Francisco Goya (1746 - 1828)
Portrait of Don Luis Maria de Cistué, 1791
Oil on canvas - 133 x 114.7 cm
Paris, Pierre Bergé-
Yves-Saint-Laurent collection, announced
gift to the
Musée du Louvre
7/10/08 — Acquisition — Paris, Musée du Louvre — At the press conference announcing the scattering of the art works in the collection belonging to Yves Saint-Laurent and Pierre Bergé, the latter spoke of the donation of the Portrait of Don Luis Maria de Cistué by Goya to the Louvre . The auction which has already been termed “the sale of the century” as it will be offering art works rarely seen on the market for decades, will take place under the glass dome of the Grand Palais from 23 to 25 February 2009 and be organized by Christie’s .
The collection assembled by the famous designer and the businessman had long been cloaked in secret and mystery as the works were almost never lent for exhibitions  since the idea of separating himself from one of his works, even for a short period, was pathologically unbearable for Yves Saint-Laurent (this was particularly the case for the Goya in question, promised in loan to the Prado but cancelled at the last minute). If the collection retains this mythical aura, it is due mainly to the history associated with the owners, their passion for art and the art market (to the point that Pierre Bergé became an auctioneer) and the references established between their treasures and their creative work (the Mondrian dress, the museum exhibition on fashion…). They belonged to that class of collectors who knew how to make the paintings, drawings and sculptures of great geniuses co-exist alongside anonymous objects of exceptional quality or non-European art, both through formal and intellectual analogies, and allowing a dialogue, in unexpected ways, between classical art and the 20th century. This French tradition, where impeccable taste and inquisitiveness prevail over scholarly historical art knowledge can be traced back to the 19th century, then moves on to Jacques Doucet, Charles Ratton, Hubert de Givenchy, the Noailles, and is perceptible also more recently in Alain Delon and Karl Lagerfeld (perhaps the fact that there are so many designers here is no coincidence). Actually some of the pieces which came to enrich the Bergé-Saint-Laurent collection first belonged to some of the names mentioned above, but it also grew with purchases on the international art market (the Goya painting comes from the J. D. Rockefeller collection in New York), assisted by exceptional art dealers from Alain Tarika and Marc Blondeau to Jacques Kugel.
Indeed, the collection contains a fair number of works which many French museums would certainly like to acquire, masterpieces of national heritage (Ingres, Matisse, Picasso, Géricault,…) or others which would fill significant gaps (Mondrian, Balla,…) . There is no doubt that the choice of the Goya as a donation to the Louvre is a welcome surprise as the museum’s budget, no matter how big, could not easily accommodate such a purchase since priority almost always goes in this type of sale to national treasures. This donation also seals a reconciliation between the collectors and the Louvre after their falling-out over the fundraising for the purchase of Saint Matthew with the Spade by Georges de La Tour. Moreover, it has always been hard for the museum to acquire Spanish paintings as there is a lack of important works from this school on the market . The Département des peintures at the Louvre holds mainly portraits and one still-life by Goya, not much given the considerable number of the artist’s works which have passed through French hands . Next to the masterful Guillermardet, the sublime and very different portraits of each of the women, this new addition will provide an unexpected and moving touch to the collection : in the very few children’s portraits that he did , Goya abandons his cynicism and any denunciation of the social vanities.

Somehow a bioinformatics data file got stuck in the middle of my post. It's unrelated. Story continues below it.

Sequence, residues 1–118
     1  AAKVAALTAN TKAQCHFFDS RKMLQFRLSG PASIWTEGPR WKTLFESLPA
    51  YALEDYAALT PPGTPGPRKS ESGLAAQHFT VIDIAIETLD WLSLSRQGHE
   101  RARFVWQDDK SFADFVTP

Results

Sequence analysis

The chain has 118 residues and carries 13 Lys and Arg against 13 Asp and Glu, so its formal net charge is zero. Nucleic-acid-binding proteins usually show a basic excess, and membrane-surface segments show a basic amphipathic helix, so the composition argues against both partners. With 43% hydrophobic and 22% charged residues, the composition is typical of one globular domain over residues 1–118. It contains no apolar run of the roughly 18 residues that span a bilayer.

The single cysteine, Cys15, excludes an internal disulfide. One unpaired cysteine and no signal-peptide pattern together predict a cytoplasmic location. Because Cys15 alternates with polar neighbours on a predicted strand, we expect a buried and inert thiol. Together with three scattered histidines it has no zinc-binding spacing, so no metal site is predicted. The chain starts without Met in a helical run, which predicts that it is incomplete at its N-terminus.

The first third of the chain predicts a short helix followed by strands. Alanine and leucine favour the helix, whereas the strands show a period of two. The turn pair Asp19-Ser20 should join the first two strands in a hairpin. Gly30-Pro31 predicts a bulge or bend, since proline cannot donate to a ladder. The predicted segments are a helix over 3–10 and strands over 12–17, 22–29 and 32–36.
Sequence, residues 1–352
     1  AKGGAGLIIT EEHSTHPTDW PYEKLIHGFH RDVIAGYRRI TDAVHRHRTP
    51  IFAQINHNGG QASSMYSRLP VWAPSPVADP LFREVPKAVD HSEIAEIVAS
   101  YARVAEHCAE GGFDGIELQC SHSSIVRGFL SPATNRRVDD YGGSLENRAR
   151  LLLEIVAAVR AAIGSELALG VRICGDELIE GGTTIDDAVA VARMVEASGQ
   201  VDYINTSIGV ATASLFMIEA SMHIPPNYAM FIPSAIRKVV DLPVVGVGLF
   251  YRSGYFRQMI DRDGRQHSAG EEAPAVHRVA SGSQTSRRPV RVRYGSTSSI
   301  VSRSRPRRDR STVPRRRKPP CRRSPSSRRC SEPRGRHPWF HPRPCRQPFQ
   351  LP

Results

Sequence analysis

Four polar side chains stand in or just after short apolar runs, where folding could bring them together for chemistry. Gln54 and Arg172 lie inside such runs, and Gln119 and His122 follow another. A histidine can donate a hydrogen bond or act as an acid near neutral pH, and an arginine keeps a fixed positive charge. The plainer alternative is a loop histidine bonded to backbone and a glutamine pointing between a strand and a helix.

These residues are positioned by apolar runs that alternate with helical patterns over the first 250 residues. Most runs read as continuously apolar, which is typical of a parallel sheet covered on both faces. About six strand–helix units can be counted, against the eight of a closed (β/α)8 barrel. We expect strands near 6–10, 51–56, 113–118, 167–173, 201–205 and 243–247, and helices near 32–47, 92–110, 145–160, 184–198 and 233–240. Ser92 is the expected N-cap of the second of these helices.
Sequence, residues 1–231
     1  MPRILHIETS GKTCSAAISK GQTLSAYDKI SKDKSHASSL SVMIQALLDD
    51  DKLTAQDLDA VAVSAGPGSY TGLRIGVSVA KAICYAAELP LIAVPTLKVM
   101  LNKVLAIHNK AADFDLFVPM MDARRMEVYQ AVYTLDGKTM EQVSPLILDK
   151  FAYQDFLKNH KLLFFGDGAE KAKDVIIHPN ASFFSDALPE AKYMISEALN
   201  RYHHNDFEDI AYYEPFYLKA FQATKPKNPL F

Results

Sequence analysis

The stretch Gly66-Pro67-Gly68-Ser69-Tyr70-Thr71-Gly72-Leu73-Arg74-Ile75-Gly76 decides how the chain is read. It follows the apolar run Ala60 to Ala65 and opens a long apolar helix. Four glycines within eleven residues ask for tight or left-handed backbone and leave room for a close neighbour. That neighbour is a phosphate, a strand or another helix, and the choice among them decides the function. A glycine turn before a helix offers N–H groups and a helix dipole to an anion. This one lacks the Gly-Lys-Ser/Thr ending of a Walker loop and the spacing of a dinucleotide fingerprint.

Born in July 1788, Don Luis Maria de Cistué was the son of a jurist with close ties to Charles IV and one of Maria Luisa de Parma’s housemaids. He pursued a brilliant career as a military lawyer, then was named head of the University of Zaragoza (1833), field marshal and captain-general of Aragon. He is seen face-on, in a naturalist manner, holding a pet (a recurring motif in Goya portraits). A large inscription states his name, as is often the case when Goya paints children and more generally in Spanish art, and gives his age as being two years and eight months, thus dating the canvas from 1791. The space is defined by the line on the floor and by a light halo surrounding the model and highlighting his blond hair which falls on his shoulders, as well as his blue eyes. He is wearing a robe trimmed with green velvet and a lace collar at the neck and wrists, a pink ribbon at the waist. The references to Velazquez in the choice of colours (black-rose-blue) are obvious as are the signs of a style developed later by Manet (The Fife Player). In a word, a masterpiece which is sure to stand out among other children’s portraits at the Louvre ; as strange and fantastic as the Young Trioson Studying his Primer by Girodet, not much later (1800) but executed with totally different pictorial means.